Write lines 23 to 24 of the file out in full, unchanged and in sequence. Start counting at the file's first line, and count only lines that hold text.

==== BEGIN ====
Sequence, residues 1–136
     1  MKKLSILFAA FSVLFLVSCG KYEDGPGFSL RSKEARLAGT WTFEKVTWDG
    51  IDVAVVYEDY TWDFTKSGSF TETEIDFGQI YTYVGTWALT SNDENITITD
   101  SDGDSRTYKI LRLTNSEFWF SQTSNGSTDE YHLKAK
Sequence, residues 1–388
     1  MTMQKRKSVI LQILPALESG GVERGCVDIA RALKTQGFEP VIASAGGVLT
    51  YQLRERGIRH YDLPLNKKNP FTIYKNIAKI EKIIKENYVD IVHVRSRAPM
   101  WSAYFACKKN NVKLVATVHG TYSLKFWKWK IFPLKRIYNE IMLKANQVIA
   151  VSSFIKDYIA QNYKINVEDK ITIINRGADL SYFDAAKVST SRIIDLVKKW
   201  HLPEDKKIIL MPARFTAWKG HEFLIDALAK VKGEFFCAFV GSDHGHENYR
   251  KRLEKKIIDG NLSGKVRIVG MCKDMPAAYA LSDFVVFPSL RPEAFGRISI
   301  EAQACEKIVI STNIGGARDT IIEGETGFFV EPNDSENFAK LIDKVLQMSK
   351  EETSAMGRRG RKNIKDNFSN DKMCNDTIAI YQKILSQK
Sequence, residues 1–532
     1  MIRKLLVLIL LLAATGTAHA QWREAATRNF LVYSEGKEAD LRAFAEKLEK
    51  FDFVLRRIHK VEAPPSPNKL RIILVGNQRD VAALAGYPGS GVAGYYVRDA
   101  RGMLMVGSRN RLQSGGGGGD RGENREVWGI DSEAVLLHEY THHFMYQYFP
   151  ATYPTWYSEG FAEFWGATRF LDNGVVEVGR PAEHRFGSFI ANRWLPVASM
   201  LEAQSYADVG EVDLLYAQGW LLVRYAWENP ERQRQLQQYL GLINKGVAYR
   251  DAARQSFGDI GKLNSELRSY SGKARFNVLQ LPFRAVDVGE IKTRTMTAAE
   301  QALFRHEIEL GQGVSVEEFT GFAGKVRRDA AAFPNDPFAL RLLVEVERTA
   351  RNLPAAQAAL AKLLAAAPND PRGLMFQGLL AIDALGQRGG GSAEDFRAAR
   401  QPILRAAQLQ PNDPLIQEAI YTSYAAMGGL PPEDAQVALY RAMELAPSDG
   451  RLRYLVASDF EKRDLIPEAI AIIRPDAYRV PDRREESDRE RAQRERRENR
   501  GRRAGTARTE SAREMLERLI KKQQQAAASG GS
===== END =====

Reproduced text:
   401  QPILRAAQLQ PNDPLIQEAI YTSYAAMGGL PPEDAQVALY RAMELAPSDG
   451  RLRYLVASDF EKRDLIPEAI AIIRPDAYRV PDRREESDRE RAQRERRENR